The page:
The article itself isn’t as “directly” brown as everything else we dissect or publish here, but the subject matter is familiar enough– even if it doesn’t explicitly mention south asians:
…parents, relatives or a designated member of the community took on the sacred task of arranging for a young person to create a new household, thus ensuring the continuity and stability of society. Although in much of the world that tradition continues, in our mainstream culture of individual choice and romantic self-determination, finding your own mate is a rite of passage, an exercise in autogenesis.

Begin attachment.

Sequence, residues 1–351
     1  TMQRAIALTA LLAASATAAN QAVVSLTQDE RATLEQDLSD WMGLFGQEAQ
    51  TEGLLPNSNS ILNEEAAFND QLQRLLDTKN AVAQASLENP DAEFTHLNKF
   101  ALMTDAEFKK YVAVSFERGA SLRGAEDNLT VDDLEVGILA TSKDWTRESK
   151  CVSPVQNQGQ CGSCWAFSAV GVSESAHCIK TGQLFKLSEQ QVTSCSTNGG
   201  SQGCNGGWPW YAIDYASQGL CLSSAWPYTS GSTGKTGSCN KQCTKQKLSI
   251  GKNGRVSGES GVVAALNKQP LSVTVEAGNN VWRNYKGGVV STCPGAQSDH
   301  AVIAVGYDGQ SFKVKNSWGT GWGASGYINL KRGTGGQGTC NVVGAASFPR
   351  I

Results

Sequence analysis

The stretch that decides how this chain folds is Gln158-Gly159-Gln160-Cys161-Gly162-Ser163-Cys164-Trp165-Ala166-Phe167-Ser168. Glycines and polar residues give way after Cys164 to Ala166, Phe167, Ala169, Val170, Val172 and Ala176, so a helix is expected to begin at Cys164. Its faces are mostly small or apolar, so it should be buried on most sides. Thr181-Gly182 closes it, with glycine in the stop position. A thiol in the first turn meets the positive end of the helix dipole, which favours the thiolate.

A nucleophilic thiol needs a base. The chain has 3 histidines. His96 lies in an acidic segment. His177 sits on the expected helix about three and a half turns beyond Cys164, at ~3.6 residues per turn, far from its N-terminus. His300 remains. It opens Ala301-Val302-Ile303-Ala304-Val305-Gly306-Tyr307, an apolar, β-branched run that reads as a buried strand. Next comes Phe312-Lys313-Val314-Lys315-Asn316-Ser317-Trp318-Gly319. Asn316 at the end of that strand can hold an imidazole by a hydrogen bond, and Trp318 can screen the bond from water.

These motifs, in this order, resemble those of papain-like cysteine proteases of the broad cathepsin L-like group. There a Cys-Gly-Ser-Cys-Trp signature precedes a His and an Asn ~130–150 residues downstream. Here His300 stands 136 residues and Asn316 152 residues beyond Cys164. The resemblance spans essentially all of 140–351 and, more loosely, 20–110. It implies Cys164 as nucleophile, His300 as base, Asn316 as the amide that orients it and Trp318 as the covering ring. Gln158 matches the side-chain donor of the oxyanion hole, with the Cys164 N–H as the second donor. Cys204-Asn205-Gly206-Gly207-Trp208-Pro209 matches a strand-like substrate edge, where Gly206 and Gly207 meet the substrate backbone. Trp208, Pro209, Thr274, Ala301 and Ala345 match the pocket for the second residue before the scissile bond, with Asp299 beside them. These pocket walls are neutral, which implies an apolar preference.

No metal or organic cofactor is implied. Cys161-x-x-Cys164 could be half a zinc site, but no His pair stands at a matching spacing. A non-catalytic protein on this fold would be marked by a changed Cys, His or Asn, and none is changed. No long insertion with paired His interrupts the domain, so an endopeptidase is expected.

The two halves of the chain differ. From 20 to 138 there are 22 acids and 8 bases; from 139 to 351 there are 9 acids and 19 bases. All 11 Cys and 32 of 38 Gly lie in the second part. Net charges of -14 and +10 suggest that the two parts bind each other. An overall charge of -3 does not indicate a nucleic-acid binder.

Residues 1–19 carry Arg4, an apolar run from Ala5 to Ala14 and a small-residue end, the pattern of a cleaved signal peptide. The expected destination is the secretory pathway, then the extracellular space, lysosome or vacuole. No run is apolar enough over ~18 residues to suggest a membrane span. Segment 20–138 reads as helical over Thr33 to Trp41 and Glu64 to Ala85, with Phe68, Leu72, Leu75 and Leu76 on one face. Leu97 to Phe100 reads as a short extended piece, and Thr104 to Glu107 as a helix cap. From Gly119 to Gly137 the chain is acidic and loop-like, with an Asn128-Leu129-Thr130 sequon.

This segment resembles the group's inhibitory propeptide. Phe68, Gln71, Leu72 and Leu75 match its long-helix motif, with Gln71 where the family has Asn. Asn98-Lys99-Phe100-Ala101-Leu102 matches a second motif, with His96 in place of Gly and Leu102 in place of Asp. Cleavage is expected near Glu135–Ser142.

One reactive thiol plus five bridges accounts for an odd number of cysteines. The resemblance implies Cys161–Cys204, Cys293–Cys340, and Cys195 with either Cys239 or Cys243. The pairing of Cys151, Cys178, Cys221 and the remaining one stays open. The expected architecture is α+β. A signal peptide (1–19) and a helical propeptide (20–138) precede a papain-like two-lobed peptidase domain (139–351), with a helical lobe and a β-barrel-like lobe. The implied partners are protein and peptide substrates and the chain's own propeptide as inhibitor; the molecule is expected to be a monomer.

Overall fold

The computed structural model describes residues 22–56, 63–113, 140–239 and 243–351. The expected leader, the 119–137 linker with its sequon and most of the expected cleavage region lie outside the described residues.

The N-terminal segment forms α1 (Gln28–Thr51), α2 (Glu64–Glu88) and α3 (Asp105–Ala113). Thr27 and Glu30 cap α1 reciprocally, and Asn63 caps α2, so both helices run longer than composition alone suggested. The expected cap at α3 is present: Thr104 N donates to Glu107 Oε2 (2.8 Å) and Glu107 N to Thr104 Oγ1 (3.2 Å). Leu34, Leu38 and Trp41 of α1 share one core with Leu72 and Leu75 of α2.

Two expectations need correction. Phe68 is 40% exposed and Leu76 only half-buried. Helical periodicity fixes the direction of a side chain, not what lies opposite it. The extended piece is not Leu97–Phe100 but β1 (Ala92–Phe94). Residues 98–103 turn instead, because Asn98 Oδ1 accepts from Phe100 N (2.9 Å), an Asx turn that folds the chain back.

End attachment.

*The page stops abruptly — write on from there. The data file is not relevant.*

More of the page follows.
Among certain immigrant groups in this country, like those from Southeast Asia and Africa, ancient traditions of arranging marriages continue. In the Jewish tradition, arranging three marriages secures you a place in heaven. Ultra-Orthodox marriages are routinely arranged, and conservative communities often have informal matchmakers.
I am so curious about the “Southeast” reference…does she mean to include us within that inaccurate phrasing? Or is she the last human alive to know that we’re all about the auntie-facilitated set-up?
No matter what the author meant, it’s a fascinating piece from the NYT magazine. I’ll totally vouch for it. Oh, and if you’re going to take my word for it and try to read the rest, but you don’t have a username/pw for the site, there are ways around that.
The Grey Lady: “The New Arranged Marriage”
*Shadchen: yiddish word for “matchmaker”